• : preg_replace(): The /e modifier is deprecated, use preg_replace_callback instead in /home/kettlebe/public_html/enhancedfp.com/includes/unicode.inc on line 311.



In almost every sport, the ability to be explosive and powerful often goes hand in hand with success, and this is especially true in mixed martial arts (MMA). Being a faster and more explosive fighter gives you the ability to overpower, outwork, and outgun your opponent from start to finish. Almost every athlete can dramatically improve their power with the right program, but very few programs get it right.

In this article, I will teach you the keys to doing it right. I will show you how to dramatically improve your explosive power, and most importantly, how to develop it specifically for MMA. I will also do much more than just give you a few exercises to throw together, as many coaches often do. I will lay out the foundation, specific methods, and science behind explosive power development for MMA and show you why my program is different.

If you have no interest in the real science and philosophy of explosive power training, feel free to skip to the end. However, for those who want to know the how and the why of strength and conditioning, read on…

What is power?

In the cage or octagon, power is more than just a physics equation. It’s your chance to knock your opponent out, ground and pound until the referee stops it, or grind out a punishing decision. In MMA, power doesn’t just depend on how strong or how fast you are. It also depends on how well conditioned your specific energy systems are to allow you to produce power when it counts.

This type of power isn’t just a measure of muscular strength and/or speed but rather a measure of the power of your energy systems. Think of how high your vertical jump is or how hard you can punch or kick as a measure of external power. Your energy system power can be thought of as internal power.

Understanding how to develop the power of your energy systems and how to apply this power to MMA is the result of intelligent planning and specific training. It’s also how you can succeed where other programs often fail.

Energy system power

The body has three principle systems that it uses in an overlapping fashion to produce the energy your body needs to survive, move around, and punch, kick, or elbow people in the face. These systems are known as the anaerobic-alactic, anaerobic-lactic, and aerobic systems. The three systems vary both in terms of how fast they are able to produce energy and how long they are able to sustain that energy production. This means that each energy system has a power component as well as a capacity component.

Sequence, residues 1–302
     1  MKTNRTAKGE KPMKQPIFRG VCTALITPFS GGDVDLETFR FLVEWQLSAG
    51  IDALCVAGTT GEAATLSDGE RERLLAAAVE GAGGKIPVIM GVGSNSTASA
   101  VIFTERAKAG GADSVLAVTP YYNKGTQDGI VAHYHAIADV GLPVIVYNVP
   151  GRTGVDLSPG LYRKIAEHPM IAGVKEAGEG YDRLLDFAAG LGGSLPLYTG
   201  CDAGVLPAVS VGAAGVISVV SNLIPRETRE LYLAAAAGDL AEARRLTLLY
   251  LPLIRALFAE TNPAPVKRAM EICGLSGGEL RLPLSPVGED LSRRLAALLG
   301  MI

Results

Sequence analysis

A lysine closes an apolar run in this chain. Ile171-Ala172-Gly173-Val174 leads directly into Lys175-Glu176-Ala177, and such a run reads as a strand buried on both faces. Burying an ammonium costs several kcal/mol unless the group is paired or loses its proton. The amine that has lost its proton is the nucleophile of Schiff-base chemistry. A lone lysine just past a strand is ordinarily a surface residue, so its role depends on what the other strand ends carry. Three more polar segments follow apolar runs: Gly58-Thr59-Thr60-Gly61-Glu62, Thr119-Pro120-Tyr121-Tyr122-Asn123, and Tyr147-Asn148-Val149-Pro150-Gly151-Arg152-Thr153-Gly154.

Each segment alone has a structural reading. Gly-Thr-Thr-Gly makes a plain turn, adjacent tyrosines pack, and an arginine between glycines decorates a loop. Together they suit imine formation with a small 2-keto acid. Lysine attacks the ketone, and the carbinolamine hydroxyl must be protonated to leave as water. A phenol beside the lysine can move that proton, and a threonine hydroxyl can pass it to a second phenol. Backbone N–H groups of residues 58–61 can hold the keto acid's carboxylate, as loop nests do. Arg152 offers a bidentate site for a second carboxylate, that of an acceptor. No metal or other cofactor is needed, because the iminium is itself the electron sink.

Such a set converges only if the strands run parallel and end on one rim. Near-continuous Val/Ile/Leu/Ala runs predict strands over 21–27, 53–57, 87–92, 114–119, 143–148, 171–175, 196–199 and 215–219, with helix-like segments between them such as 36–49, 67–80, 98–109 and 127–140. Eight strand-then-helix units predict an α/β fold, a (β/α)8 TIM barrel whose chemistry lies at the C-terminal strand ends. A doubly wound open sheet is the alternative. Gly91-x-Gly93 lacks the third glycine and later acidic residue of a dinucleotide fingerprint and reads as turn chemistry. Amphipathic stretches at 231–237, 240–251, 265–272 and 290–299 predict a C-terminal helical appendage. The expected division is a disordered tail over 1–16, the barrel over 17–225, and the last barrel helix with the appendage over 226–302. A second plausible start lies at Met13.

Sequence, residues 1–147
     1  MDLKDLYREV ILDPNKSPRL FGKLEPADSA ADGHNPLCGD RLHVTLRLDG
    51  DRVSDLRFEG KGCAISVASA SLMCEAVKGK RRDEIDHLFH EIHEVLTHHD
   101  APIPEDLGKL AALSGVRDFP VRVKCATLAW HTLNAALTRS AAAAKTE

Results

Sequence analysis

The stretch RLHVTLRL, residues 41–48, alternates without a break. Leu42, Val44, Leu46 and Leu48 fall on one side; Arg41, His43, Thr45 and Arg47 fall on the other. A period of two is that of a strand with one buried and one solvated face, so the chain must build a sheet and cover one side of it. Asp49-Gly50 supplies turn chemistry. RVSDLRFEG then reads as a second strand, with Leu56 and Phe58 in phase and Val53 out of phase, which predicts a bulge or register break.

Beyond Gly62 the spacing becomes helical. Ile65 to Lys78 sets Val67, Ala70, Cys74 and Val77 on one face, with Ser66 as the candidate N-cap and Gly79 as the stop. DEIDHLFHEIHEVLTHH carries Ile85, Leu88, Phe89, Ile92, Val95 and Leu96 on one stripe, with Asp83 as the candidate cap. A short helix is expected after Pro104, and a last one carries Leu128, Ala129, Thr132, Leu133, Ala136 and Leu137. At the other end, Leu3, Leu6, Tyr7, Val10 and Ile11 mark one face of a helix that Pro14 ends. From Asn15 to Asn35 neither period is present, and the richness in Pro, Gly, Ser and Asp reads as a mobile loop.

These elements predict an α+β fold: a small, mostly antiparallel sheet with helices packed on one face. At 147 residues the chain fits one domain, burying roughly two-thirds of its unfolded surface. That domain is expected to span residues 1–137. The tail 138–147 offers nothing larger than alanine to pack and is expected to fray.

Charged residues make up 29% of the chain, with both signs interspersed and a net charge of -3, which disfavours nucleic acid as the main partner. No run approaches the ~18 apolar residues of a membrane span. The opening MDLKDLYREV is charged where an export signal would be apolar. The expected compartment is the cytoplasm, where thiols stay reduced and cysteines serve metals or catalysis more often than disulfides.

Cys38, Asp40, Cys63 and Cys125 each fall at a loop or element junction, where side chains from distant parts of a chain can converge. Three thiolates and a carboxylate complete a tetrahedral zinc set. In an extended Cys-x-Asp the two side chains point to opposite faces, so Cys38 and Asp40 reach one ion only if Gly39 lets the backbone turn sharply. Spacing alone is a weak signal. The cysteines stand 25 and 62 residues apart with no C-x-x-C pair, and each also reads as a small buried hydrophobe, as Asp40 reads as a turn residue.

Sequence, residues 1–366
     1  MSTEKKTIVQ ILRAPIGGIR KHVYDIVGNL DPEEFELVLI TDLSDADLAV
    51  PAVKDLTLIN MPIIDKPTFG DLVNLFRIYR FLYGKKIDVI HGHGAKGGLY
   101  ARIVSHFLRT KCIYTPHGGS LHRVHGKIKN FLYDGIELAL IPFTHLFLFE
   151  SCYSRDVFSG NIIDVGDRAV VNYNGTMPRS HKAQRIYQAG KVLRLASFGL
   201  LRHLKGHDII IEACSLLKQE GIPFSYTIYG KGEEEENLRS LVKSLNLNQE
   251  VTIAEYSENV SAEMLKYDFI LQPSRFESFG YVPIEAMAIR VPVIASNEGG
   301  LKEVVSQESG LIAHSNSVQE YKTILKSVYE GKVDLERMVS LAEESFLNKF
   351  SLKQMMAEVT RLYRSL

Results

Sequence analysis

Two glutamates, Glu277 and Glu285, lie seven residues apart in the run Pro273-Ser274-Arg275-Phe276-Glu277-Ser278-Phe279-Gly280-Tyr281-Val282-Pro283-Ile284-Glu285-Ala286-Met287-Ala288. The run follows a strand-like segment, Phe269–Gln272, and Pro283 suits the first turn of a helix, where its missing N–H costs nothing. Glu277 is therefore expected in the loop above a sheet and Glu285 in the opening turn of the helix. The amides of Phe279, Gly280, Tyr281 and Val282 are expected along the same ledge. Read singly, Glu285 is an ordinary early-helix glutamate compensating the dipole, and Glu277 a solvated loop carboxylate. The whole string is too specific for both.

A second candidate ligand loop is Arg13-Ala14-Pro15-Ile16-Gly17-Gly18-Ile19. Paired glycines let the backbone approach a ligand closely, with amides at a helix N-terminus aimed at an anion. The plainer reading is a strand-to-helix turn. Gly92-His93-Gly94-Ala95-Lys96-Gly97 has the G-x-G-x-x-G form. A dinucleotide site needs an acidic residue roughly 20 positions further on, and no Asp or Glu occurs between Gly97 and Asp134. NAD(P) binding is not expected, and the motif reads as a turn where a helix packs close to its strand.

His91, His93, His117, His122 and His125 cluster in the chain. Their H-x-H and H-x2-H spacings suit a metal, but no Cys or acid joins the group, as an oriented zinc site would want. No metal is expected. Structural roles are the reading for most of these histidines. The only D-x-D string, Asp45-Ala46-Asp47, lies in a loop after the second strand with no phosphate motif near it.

Think of the power component as the size of the engine. The bigger the engine, the more horsepower it can create. Think of the capacity as the size of the gas tank. The larger the gas tank, the longer the system can produce energy.

The system I’m going to discuss in depth is the alactic energy system. When trained properly, it is the key to devastating striking and brutal ground and pound. I’ll lay out for you the specific periodization plan needed to maximally develop your alactic power, and I’ll give you the principles and methods that I’ve used to prepare some of today’s most explosive top fighters.

Alactic system 101

Before I get into the details of how to improve your explosive power, it’s important to understand more about how the system works. The alactic energy system is also known as the creatine system or the ATC-PC system. It’s the most powerful of the three energy systems, though this also means that it has the shortest duration as well. The alactic system fuels the most explosive efforts—those few crushing seconds that result in your opponent getting knocked out, tapped out, or the fight stopped by the referee.